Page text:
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Modi coterie trying hard to prove Rahul Right

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After a big bang boost to privatization in the budget, the financial markets in February 2021 saw a kind of bull run on steroids clocking new lifetime highs every other day. GST collections too soared to new all-time highs of more than Rs.1.1 Lakh crores per month after a period of slumber in 2020. Overall, an atmosphere of euphoria and exuberance was sprouting on all counters. The general consensus is that the Indian economy is out of the woods, back on the runway track, gaining pace, and is about to take off to a double-digit growth under PM Modi’s leadership.

Indeed, PM Modi and his team did a commendable job handling the pandemic, confronting national security threats at the border, bringing in a series of structural reforms, and reviving the economy by kickstarting privatization. So much is happening on the strategic front daily that only after a few years down the line can we see a tangible impact. Such action-packed performance by team Modi is helping Modi gain immense political capital. No other opponent is simply able to play even catch up. But how many successes he may ever fare to his account, there is one crucial aspect that will make or break his legacy.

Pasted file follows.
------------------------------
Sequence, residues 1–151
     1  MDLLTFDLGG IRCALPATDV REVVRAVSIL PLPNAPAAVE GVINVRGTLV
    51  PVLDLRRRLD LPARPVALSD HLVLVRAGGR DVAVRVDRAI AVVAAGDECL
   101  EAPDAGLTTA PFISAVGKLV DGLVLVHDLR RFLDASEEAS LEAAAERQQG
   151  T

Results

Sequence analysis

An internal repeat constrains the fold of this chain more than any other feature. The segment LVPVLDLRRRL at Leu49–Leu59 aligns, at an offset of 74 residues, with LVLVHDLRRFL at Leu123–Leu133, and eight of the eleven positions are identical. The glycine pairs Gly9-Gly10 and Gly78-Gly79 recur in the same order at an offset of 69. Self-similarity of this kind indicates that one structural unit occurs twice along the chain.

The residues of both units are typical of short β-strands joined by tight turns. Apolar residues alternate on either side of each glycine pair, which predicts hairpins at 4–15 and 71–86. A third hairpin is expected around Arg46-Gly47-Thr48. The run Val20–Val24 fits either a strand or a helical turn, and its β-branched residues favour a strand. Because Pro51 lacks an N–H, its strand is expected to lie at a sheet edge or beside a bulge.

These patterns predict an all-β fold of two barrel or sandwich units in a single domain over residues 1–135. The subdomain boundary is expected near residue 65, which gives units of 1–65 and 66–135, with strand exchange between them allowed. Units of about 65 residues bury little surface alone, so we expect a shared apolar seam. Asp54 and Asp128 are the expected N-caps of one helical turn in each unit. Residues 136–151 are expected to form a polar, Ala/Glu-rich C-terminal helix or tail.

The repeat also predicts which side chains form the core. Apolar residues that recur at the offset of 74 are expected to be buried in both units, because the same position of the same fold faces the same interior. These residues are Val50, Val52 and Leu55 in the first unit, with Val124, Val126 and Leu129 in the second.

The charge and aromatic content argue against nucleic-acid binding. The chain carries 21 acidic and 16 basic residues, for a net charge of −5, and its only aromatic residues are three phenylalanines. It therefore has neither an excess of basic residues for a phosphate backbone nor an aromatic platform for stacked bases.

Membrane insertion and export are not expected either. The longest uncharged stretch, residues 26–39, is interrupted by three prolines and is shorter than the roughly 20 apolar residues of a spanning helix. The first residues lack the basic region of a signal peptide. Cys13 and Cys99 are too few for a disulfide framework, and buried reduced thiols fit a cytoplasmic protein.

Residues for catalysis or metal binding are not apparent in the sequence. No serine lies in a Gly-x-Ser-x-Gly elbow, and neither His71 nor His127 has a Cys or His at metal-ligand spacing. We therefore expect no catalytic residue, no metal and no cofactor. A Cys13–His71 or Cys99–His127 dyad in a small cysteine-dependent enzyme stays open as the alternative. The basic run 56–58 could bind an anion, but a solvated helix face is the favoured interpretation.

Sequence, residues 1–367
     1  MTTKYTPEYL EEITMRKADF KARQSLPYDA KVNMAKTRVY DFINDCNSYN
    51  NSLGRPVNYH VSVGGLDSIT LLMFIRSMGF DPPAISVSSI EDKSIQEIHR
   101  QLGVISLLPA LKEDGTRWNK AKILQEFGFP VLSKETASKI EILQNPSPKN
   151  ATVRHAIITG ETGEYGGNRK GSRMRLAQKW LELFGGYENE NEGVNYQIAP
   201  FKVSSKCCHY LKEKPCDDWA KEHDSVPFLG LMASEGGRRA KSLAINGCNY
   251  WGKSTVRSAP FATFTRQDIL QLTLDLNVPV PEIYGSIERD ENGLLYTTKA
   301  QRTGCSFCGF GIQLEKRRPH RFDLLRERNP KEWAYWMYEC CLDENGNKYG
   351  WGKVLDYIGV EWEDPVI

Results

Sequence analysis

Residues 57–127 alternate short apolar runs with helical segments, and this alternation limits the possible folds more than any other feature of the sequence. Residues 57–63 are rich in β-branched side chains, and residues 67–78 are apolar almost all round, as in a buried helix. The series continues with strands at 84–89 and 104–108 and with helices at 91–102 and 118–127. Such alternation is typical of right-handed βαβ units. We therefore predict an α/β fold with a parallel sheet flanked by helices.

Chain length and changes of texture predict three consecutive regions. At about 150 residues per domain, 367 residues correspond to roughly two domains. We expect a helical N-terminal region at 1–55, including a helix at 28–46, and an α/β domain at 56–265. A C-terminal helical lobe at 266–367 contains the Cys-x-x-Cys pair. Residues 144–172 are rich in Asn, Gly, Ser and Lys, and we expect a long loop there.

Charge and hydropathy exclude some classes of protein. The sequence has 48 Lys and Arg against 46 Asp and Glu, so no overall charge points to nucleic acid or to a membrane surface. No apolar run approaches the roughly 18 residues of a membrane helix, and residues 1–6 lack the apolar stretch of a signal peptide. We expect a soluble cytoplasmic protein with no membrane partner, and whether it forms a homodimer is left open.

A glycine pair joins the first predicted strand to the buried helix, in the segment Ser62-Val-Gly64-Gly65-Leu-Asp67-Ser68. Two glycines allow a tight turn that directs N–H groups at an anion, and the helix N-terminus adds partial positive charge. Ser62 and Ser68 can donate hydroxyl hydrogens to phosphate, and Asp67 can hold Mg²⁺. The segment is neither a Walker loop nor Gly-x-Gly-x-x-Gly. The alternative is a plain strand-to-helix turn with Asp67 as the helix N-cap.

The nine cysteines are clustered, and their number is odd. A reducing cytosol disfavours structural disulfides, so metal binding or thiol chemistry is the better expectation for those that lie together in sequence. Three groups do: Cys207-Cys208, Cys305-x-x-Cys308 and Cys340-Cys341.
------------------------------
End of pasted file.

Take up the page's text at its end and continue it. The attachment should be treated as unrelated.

There is a firm belief that no corruption at the higher levels is possible in the Modi government. Whether from BJP or not, many people firmly believe that PM Modi is not corrupt and Modi will not tolerate corruption in his government. ‘ना खाऊंगा ना खाने दूंगा’ ‘Na khaunga, na khane dunga’ was one of his clarion slogans that got him to the Prime Ministership. That popular sentiment inspired a whole lot of the young generation and boosted investor confidence, and enabled a level playing field in his governance. Many MNCs too felt comfortable doing business with India because of the certainty of government policies and transparent decision-making from the top. This goodwill ultimately paved the way for a robust growing economy while garnering the much-needed support to usher in more structural reforms as well.